More generally, the nurse management fellows program helps nurse executives "to continue developing their strategic voice, and their capacity to be a key leader on the executive team," Shea says. It also furnishes skills for managing complex systems, Gannotta adds. "It exposed me to the best minds and the brightest thinking on management, organizational development, and leadership techniques. After attending the fellows program, I went on to achieve a number of professional accomplishments, which added significant value to the hospital's culture, clinical operations, and bottom line."

Catherine Hughes, vice president for Patient Care at Virtua Health in Berlin, N.J., says the knowledge gleaned from the program proved critical in helping Virtua's Chief Nurse Executive team, all Wharton Fellows, to make the business case for additional training resources to implement an electronic medical record system. "It allowed us to speak the language of business to each other and understand what we mean. Now we use that language every day," Hughes says. The nurse executives "have a new level of clarity as executive leaders. They are better able to relate the complexities of finance to the quality of outcomes."

The next Johnson & Johnson/Wharton Fellows Program in Management for Nurse Executives program is scheduled for June 1-20.

Executive Education at the Wharton School

The Wharton School of the University of Pennsylvania -- founded in 1881 as the first collegiate business school -- is recognized globally for intellectual leadership and ongoing innovation across every major discipline of business education. The most comprehensive source of business knowledge in the world, Wharton bridges research and practice through its broad engagement with the global business community. The School has more than 4,600 undergraduate, MBA, executive MBA, and doctoral students; more than 10,000 annual participants in executive education programs; and an alumni network of more than 82,000 graduates.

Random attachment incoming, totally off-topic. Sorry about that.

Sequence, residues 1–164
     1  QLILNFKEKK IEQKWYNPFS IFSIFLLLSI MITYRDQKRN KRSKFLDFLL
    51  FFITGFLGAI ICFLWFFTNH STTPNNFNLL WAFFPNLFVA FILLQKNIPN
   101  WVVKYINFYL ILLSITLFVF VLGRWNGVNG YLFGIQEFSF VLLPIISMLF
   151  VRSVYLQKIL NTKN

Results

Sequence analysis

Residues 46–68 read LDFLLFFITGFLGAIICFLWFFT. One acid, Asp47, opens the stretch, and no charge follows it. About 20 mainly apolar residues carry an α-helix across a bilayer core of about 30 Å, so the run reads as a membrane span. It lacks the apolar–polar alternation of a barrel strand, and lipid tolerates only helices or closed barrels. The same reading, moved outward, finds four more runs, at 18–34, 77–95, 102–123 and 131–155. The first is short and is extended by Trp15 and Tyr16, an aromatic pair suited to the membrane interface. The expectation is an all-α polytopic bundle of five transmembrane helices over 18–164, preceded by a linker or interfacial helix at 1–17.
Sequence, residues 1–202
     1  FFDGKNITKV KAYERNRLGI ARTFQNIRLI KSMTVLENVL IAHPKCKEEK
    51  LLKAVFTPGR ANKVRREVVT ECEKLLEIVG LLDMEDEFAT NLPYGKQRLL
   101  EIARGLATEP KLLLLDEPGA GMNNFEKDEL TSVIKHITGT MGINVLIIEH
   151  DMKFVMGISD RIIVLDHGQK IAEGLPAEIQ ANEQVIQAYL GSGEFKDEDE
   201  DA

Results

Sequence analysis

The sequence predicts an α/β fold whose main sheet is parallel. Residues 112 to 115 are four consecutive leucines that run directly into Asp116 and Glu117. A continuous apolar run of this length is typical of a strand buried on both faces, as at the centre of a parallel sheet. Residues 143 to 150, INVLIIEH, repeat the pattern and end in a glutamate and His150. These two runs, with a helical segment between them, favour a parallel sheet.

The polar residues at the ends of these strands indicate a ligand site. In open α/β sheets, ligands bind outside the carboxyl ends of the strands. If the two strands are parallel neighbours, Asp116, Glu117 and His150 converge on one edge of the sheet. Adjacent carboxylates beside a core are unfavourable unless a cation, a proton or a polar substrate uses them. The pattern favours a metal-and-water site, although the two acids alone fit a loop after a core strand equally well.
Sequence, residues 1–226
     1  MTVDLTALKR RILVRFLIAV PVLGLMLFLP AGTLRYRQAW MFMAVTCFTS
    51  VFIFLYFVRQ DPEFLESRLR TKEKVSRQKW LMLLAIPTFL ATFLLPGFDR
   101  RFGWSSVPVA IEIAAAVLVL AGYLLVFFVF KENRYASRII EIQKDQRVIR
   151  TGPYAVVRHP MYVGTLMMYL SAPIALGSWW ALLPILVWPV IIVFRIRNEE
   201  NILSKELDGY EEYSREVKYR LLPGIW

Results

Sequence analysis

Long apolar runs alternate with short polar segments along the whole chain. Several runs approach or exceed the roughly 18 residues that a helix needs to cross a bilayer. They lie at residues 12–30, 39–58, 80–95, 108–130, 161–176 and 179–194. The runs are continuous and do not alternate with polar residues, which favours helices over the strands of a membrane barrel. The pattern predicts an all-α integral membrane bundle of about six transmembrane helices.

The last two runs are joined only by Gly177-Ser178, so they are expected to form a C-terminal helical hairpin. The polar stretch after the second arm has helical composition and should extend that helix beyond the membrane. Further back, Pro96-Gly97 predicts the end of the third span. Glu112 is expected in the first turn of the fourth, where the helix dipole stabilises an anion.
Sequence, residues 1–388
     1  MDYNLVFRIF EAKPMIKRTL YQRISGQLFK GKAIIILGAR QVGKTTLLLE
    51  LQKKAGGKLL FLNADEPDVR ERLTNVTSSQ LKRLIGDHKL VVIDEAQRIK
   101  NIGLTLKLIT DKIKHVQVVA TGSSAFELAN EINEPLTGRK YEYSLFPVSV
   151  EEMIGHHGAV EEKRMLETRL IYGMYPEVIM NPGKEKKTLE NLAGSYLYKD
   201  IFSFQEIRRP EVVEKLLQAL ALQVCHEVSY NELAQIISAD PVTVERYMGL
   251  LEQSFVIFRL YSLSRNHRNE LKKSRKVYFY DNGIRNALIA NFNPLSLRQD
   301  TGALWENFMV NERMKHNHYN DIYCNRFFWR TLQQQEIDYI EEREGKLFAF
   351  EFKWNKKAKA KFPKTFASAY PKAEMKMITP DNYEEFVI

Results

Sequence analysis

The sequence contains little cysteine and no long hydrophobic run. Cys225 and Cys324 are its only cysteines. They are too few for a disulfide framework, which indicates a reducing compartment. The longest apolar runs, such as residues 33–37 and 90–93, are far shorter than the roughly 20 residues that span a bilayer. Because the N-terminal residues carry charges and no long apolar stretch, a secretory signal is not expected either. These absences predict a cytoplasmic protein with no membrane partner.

Informed by in-depth, groundbreaking academic research and extensive industry experience, Wharton Executive Education programs can span anywhere from a few days to six weeks or longer. Each executive education program offers a supportive and challenging context where participants gain the skills necessary for their next level of executive development. Participants who come to Wharton from a diverse range of industries engage with faculty who are the most cited, most published faculty of all top-tier business schools. With a profound influence upon global business, Wharton faculty are the sought-after, trusted advisors of corporations and governments worldwide.

About Johnson & Johnson

Johnson & Johnson is the world's most comprehensive and broadly based manufacturer of health care products, as well as a provider of related services, for the consumer, pharmaceutical, and medical devices and diagnostics markets. The more than 250 Johnson & Johnson operating companies employ approximately 119,000 men and women in 57 countries and sell products throughout the world.

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Wendy Parsons